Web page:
HMRC and the Government have really managed to get themselves into an embarrassing “pickle”. A few days before the fiscal year end (5-April-18) HMRC issued a notice to say that state aid approval for EMI share schemes would expire on the 6-April-18.
EMI stands for Enterprise Management Incentive and this is a UK government scheme which gives employees the right to buy shares within their company. These are commonly used to incentivise and retain key employees in small to medium sized companies. With the right setup, the tax saved can be as much as 25% of the value of the options, making it the most beneficial tax structure for employees.
Technically because of this recent change, share options issued today under an EMI scheme would and should be treated as unapproved share options, until the UK manage to get formal approval from the EU.
In speaking with other professionals, the expectation is that EU approval should be a formality and is most likely to be obtained within the short term. There is also general consensus that this is likely to be back-dated to cover this time-gap, albeit until we get guidance from HMRC we are all in the dark. Note, however, there may be little incentive for our EU friends to grant approval or even hurry things along.
What should you do in the interim? You need to weigh up the following:
- The contractual requirement to issue options
- The current market value share price
- Any future close period
- Dates that RemCo and the Board can approve these grants
Most appear to be going ahead and granting share options as if the EMI scheme will be retrospectively applied. If retrospective approval is provided then there could be a practical solution:
- Leave them as they are
- Cancel and reissue
- Parallel options
- Compensate in some other way
Either way, the situation is not great and we need HMRC to provide guidance on this. They remain silent.
I have written to Mel Stride MP, who is Financial Secretary responsible for HMRC. When I get a response, I will publish this if it provides any comfort or direction.
We work with many SMEs and can provide advice on the commercial, accounting and tax implications of share schemes. As a Chartered Accountant and registered auditor I've worked with many SME’s who operate share option schemes and would be happy to discuss this matter or any other with you.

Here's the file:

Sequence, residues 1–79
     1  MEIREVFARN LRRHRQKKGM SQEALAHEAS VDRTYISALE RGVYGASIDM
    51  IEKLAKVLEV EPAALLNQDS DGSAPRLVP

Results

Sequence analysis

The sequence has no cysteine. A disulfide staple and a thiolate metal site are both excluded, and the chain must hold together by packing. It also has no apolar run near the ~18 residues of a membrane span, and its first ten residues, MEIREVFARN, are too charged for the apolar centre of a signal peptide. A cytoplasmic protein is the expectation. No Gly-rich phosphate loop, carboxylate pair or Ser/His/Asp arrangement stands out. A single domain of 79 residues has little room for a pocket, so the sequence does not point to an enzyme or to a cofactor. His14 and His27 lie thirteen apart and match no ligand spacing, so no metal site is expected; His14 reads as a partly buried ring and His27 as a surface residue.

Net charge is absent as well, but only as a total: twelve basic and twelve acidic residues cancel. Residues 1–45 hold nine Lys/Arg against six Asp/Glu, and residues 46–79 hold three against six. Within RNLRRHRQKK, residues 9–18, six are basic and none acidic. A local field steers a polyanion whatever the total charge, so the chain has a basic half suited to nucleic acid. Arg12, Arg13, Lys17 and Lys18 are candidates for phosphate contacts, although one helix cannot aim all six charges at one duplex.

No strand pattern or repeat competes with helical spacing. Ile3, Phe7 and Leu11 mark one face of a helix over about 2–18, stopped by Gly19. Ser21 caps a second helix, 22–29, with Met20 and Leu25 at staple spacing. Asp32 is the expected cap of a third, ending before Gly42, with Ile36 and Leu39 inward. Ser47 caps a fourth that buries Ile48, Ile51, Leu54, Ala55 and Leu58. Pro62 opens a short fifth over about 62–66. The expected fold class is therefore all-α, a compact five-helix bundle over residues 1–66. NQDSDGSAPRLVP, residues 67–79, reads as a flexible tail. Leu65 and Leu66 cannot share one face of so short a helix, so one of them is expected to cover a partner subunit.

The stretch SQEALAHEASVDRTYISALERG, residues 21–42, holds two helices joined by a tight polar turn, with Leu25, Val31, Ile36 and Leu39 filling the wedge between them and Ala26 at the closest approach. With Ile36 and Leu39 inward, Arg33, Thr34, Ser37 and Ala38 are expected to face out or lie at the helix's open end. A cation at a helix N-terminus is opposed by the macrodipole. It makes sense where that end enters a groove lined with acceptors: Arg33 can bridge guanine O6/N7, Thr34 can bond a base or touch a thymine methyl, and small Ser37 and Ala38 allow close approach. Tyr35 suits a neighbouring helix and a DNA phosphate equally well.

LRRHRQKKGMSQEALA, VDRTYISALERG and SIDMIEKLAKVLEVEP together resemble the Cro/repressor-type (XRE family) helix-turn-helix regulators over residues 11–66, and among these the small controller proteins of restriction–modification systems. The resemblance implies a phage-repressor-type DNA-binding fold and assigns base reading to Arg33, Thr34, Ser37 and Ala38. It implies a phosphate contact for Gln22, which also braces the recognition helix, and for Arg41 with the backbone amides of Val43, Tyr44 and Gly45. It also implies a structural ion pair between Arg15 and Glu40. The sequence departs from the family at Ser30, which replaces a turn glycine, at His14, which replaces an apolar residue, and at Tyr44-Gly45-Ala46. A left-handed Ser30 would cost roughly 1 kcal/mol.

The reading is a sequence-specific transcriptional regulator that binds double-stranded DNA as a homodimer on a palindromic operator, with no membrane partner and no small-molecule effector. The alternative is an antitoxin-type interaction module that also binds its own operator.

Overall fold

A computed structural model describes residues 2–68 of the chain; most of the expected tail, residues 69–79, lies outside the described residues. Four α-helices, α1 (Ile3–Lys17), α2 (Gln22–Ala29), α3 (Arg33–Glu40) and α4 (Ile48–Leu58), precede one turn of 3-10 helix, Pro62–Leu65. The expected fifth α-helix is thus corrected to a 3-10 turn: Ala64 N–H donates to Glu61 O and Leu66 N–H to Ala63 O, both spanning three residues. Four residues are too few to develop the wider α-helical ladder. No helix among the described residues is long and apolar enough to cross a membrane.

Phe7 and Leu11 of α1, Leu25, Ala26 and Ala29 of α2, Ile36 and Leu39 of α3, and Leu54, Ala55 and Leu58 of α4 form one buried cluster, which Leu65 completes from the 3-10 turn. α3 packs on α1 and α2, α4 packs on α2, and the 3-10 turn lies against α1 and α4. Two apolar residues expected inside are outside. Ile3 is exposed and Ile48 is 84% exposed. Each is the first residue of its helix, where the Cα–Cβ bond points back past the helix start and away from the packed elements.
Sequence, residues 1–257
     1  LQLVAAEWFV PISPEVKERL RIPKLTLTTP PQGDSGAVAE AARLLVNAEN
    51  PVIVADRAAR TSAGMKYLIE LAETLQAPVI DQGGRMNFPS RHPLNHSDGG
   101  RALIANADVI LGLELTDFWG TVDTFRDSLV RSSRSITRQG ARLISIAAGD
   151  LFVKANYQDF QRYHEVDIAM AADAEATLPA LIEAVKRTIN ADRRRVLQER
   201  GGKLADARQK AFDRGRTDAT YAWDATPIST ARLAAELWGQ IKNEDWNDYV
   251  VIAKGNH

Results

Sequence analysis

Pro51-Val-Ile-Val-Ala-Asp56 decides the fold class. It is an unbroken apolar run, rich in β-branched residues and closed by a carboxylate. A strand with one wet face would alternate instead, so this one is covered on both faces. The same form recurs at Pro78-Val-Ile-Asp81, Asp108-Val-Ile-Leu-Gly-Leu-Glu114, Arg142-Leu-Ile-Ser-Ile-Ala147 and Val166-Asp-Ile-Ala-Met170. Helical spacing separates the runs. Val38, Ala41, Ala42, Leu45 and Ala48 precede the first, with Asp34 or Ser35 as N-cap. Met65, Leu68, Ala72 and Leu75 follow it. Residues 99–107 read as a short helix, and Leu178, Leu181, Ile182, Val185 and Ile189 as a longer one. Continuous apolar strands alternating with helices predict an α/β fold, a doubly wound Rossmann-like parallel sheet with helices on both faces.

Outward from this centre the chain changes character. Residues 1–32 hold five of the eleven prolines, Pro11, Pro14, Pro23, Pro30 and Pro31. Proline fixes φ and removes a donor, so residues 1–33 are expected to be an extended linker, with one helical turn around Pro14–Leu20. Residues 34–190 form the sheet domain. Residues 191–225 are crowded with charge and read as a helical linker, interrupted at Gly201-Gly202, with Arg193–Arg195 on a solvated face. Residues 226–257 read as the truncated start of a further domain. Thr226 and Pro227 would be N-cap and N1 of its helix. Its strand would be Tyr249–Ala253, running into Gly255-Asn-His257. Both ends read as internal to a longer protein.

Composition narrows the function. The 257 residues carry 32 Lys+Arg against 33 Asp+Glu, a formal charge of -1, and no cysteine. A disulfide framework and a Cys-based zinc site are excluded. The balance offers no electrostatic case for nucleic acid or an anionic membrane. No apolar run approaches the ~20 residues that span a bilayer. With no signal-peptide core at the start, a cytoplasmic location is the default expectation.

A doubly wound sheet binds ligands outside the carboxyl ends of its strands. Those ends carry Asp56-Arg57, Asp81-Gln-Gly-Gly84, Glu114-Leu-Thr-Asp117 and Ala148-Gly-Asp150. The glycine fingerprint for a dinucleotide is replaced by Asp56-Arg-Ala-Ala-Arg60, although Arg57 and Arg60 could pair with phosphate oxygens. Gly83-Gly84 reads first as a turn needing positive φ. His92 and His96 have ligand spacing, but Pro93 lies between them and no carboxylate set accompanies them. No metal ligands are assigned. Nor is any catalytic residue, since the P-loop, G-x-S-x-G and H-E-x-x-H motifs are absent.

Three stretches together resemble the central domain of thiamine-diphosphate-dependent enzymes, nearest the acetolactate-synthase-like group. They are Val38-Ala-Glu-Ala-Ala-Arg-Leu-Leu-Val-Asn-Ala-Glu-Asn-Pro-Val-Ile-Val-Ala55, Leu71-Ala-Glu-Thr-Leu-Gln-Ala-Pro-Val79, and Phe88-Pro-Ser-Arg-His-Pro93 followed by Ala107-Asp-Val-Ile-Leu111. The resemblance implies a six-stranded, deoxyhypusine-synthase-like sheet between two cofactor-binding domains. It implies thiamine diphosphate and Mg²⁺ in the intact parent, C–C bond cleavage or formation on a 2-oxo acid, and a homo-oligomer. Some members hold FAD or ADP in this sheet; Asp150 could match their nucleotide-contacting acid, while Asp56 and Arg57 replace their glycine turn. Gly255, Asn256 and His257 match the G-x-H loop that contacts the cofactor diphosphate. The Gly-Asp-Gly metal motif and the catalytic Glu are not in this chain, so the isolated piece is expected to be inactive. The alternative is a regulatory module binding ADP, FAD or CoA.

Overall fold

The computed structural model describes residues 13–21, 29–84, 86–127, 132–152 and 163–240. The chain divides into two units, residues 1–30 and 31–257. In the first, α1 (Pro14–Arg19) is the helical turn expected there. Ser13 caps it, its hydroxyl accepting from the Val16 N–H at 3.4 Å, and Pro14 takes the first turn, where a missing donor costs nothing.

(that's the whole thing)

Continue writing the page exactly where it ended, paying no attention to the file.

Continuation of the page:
Update as of Mon 14th May
Following on from my original article - this letter was received from HM Treasury
. Unfortunately the situation still remains unclear.
Update as of Tues 15th May
The situation is now a little clearer. The EU commission has now given state aid approval, and companies can now grant EMI options. However, neither the EU or HMRC have confirmed whether this approval is to be back dated to the 6 April 2018 for companies that granted options in this interim period.
Update as of Wed 18 July
Email from HMRC dated 18 July 2018:
Thank you for your email and please see the below questions and answers in relation to your email.
Q: What does this mean for share options granted after 6 April 2018?
A: HMRC will treat share options granted from 7 April 2018 as continuing to receive the tax advantages offered by EMI. Companies using the scheme should be aware that hypothetically an affected third party could challenge aid granted for the period 7 April-15 May. However, HMRC considers that on a practical level this is unlikely, and, even if there should be a successful challenge, the cost to the company would be a repayment of interest on the aid awarded during the 5 week gap and not a repayment of the aid itself.
Q: Can companies cancel options without affecting their limit?
A: Yes. This is entirely a decision for individual companies but HMRC will waive the three year limit in relation to any cancelled options granted between 7 April 2018 and 14 May 2018.